The enforcement action coming out of the U.K. could be used to jumpstart an ongoing debate between the FTC and Congress. Hutnik notes the agency asks lawmakers on a yearly basis to grant it civil penalty authority in data breach cases, and the Equifax situation, combined with the private right of action within the California Consumer Privacy Act of 2018, could be used as leverage by the FTC to obtain those powers.

Kestenbaum said while it is possible the ICO notice could be used by the FTC as an example of why it should have civil penalty authority, she believes a single enforcement action from a regulator outside of the U.S. will not move the needle for Congress.

However, even without the power to offer a civil penalty, the FTC has plenty of avenues it can pursue against the credit monitoring firm.

“I think what we’ve seen in the past is that the FTC has certainly been active on data breach enforcement, and the settlement orders without civil penalties are fairly expensive obligations on companies,” said Hutnik. “Under their Section 5 authority, they can do injunctive relief, and they can seek equitable remedies. I don’t see the FTC pursuing disgorgement here.”

Hutnik and Kestenbaum both said state attorneys general could look to issue penalties to Equifax, as many have the civil penalty authority the FTC lacks. Given the size of the Equifax breach, it is possible several AGs join forces to administer a fine of their own.

“Privacy has gotten so much discussion and affects every business, given the reach of GDPR, and I think the state attorney general working groups on privacy are sensitive to those global developments,” said Hutnik. “The state AGs are likely to see, particularly with a civil penalty authority levied, that this is a notable development, and evaluate that as it relates to how they may be exploring and using their civil penalty authority in data breach and privacy related investigations.”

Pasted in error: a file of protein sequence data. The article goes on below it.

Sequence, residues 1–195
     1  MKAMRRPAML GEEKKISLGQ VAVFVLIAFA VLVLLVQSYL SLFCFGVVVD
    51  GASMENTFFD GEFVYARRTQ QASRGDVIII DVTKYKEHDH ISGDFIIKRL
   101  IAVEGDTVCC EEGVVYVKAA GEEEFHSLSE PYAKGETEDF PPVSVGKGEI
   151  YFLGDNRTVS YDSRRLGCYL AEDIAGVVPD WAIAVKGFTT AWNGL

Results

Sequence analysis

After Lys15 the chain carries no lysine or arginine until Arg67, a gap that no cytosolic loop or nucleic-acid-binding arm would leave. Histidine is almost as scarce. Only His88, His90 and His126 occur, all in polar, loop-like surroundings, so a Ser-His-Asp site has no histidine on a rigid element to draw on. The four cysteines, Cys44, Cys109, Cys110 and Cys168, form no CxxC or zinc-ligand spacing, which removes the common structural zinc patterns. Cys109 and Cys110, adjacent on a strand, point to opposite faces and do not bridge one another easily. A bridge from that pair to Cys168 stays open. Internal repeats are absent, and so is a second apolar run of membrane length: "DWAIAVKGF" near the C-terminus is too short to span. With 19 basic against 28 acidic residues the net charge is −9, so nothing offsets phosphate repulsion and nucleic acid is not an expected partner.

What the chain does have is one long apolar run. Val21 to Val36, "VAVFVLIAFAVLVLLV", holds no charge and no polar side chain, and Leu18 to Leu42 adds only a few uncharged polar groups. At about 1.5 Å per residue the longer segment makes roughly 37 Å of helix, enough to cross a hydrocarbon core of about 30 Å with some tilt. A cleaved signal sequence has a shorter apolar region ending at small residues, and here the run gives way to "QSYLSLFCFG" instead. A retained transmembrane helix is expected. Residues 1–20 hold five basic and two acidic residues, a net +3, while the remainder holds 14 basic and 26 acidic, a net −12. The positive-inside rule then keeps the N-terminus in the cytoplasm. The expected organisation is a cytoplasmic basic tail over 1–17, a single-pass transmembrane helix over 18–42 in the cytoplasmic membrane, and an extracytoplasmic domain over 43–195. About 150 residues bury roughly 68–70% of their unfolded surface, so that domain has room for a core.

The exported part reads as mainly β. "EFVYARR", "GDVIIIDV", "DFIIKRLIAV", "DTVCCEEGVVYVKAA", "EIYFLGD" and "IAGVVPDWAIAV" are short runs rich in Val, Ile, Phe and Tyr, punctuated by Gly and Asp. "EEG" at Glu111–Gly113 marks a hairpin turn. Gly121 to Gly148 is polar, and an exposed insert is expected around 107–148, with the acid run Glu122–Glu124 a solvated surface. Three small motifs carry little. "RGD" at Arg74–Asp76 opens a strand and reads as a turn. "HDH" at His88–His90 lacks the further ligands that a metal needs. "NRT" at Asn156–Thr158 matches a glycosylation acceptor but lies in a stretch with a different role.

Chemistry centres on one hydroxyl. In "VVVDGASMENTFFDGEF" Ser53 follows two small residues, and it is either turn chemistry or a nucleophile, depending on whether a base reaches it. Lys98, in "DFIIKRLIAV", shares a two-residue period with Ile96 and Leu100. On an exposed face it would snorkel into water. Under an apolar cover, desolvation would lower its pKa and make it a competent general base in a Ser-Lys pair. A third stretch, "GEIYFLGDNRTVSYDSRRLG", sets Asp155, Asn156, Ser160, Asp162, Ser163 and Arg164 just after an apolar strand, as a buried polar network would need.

There will likely be more massive data breaches similar to Equifax in the coming months and years, and with them will be more investigations and regulatory actions. The GDPR may give the European Union a clearer path to doling out those penalties, but the U.S. still has a long path ahead.

“These issues are still relatively new when you compare them to other legal issues that agencies deal with. It’s still really early and it’s going to be quite some time before we get to a place where this becomes routine, where people’s authority becomes well settled,” said Kestenbaum. “I certainly think it’s possible, for instance with the FTC, that while we may or may not see any kind of change in its authority in the near or even in the medium term, in the long term I think there’s lots of different things that may happen.”

photo credit: Project 365 Day 130: Flag via photopin (license)

1 Comment

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  • comment John Berard • Sep 21, 2018
    How will it affect Canadian authorities?